MP tells of mass resignations and mental health patients kept in A&E for days
Fleur Anderson outside the Accident and Emergency unit at St. George's Hospital
Mental health patients at St. George's Hospital are being treated in A&E for five days and 60 nurses have resigned from one department, a local MP has revealed. Putney MP Fleur Anderson said the situation facing St Georgeâ€™s Hospital in Tooting is â€œchaoticâ€ while the NHS is in crisis.
Ms Anderson said staff had been forced to treat patients in corridors for the first time in the hospitalâ€™s history. St Georgeâ€™s NHS Trust announced it was under â€œextreme pressureâ€ earlier in January â€“ and expects to be â€œvery busyâ€ over the coming months.
It comes as A&Es across Britain face crisis amid huge pressures â€“ with record waiting times and hospital corridors turned into makeshift wards as beds on the real wards are full.
Ms Anderson told the House of Commons on 11 January that â€œpain, suffering and preventable deaths are up, GP waiting times are up, A&E waiting times are up, mental health and cancer assessment times are upâ€ and said there are â€œhuge gaps in community careâ€.
The MP said she â€œdidnâ€™t realise how badâ€ the crisis was until she visited St Georgeâ€™s A&E last week â€“ where staff are â€œbroken-heartedâ€ at having to treat patients in corridors for the first time in the hospitalâ€™s history.
She said, â€œAll the doctors and nurses I spoke to agreed that this was the worst time theyâ€™ve ever experienced in their whole careers. The Winter Ward was opened last year but had to stay open for the whole year and so thereâ€™s now no more space for the extra winter surge.
â€œSixty nurses have resigned from that department because of the stress of the workload and underpay. The additional winter payments which came from the government were only paid in December and have to be spent by March, giving them hardly any real impact.â€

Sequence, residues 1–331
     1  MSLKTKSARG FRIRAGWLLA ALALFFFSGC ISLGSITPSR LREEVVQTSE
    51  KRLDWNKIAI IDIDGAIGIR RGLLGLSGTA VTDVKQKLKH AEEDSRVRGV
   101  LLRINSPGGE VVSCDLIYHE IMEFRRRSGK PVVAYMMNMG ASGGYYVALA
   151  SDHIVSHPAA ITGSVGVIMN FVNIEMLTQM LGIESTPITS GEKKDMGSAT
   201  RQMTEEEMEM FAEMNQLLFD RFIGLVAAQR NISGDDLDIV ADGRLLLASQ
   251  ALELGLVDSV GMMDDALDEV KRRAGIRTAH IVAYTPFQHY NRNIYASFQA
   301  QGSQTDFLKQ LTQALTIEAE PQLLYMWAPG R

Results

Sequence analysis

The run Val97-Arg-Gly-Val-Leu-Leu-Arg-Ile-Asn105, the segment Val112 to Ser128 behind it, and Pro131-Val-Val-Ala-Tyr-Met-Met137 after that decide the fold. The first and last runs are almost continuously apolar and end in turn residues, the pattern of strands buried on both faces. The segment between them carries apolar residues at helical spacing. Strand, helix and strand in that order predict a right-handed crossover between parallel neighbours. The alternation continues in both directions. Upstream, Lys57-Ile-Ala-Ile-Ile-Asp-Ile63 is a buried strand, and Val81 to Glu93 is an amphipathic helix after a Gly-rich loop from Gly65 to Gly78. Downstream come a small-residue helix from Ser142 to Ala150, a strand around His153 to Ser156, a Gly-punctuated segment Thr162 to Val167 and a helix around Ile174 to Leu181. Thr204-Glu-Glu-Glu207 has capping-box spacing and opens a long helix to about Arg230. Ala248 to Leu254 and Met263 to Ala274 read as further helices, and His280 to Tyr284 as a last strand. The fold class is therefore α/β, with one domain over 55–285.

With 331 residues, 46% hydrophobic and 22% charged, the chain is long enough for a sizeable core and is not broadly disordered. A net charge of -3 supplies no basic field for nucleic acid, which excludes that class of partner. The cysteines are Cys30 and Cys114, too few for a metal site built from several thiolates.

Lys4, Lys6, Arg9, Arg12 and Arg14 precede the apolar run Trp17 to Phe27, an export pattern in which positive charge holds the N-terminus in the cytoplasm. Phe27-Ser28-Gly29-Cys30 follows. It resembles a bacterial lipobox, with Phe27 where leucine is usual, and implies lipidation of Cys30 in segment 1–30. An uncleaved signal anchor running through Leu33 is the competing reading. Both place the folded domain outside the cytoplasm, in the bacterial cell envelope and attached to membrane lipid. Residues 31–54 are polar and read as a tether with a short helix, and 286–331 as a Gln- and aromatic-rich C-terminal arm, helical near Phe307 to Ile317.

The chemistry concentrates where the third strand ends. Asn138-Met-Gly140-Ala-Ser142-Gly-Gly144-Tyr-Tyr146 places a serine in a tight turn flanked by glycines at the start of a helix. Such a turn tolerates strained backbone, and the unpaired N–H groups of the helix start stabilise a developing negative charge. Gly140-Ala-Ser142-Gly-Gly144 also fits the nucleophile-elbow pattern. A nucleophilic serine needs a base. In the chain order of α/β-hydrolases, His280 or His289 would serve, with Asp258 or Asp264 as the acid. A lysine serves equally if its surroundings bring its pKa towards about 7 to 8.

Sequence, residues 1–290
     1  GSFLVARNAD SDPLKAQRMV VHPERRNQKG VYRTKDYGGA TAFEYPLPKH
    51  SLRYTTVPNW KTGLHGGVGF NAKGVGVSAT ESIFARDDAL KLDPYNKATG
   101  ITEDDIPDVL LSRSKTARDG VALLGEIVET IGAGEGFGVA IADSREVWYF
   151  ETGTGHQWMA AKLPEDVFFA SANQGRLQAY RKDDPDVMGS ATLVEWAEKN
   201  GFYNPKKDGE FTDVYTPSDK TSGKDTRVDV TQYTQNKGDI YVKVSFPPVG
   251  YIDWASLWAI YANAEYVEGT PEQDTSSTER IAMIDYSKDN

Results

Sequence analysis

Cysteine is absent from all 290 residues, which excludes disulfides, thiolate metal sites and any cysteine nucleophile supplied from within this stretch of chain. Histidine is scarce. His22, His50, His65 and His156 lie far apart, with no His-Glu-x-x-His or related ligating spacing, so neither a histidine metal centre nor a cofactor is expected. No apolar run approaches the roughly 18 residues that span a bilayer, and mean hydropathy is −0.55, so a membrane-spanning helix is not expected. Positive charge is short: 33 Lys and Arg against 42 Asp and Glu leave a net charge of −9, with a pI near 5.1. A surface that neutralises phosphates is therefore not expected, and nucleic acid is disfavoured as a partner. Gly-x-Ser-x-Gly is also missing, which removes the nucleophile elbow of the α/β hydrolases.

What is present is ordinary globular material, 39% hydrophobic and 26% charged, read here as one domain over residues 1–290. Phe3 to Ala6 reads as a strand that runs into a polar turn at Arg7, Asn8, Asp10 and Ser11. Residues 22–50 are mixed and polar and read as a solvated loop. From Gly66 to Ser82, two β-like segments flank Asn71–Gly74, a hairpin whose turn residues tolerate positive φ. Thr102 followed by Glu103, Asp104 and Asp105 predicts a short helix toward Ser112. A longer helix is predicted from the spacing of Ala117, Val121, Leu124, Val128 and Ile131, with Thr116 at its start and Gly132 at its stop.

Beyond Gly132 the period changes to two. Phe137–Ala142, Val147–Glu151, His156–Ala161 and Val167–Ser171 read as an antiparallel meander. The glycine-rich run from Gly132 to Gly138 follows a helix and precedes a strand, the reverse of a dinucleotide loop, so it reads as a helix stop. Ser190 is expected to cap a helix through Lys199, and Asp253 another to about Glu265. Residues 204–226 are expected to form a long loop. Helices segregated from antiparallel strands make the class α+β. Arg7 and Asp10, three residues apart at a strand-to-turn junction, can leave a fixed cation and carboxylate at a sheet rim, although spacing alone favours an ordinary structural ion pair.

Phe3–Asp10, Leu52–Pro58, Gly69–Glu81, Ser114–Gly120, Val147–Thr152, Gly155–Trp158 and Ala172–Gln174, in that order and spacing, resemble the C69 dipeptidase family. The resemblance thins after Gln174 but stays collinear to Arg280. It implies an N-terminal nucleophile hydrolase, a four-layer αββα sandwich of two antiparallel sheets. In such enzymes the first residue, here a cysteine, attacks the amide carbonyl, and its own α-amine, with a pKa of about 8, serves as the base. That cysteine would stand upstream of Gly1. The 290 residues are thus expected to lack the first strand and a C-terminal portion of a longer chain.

Ms Anderson added, â€œTheyâ€™ve had to stop elective heart surgery since the beginning of December, mental health patients are being treated in A&E for five days.â€
She said the hospital needed a â€œlong-term plan, not being surprised by winter every yearâ€.
She continued, â€œThis is not simply a consequence of Covid â€“ it is a consequence of an underfunded system that has been run beyond capacity for years by this Conservative Government. GP, A&E, mental health and cancer assessment times are up across the country. This snowballs until the whole NHS treatment pipeline is jammed and conditions worsen, increasing financial pressures on the system and professional pressures on staff.
"It is crucial that we understand this in the context of the whole healthcare system. Social care is broken after over a decade of neglect. Staff at St Georgeâ€™s told me that every year, there are four areas that they see as being critical community care shortages: eating disorders, Korsakoff dementia patients, frail patients who have a stroke after a fall and functional neurological disorder. These are huge gaps in community care."
Fleur Anderson talks to staff at St. George's Hospital
Recently published data from the NHS has revealed that in October 2022, over 6500 people in Putney had to wait more than two weeks to get an appointment with a GP. 886 people in the area were required to wait over a month.
Nationally, only 77.8% of patients with an urgent GP referral for suspected cancer saw a specialist within two weeks in 2022. This figure had never dipped below 90% since records began until 2019.
More than 1.3 million people are currently waiting more than a month to see their GP, with 4,500 fewer GPs in England than a decade ago.
In an earlier statement issued earlier in the month, the hospital trust said its teams are â€œworking hardâ€ to see A&E patients as quickly as possible, â€œbut right now â€“ like all parts of the NHS â€“ we are not always able to provide the level of care we would like, and we are very sorry this is the caseâ€.
The trust added that it is putting measures in place to try to ease pressures â€“ including opening up extra beds, supporting elderly and frail people in their homes to avoid A&E admissions and introducing a â€œhospital at homeâ€ and remote monitoring service.
It said, â€œItâ€™s still really important you continue to come forward for the care you need. If itâ€™s an emergency or life-threatening, then please dial 999 or go to an emergency department as normal.â€
January 12, 2023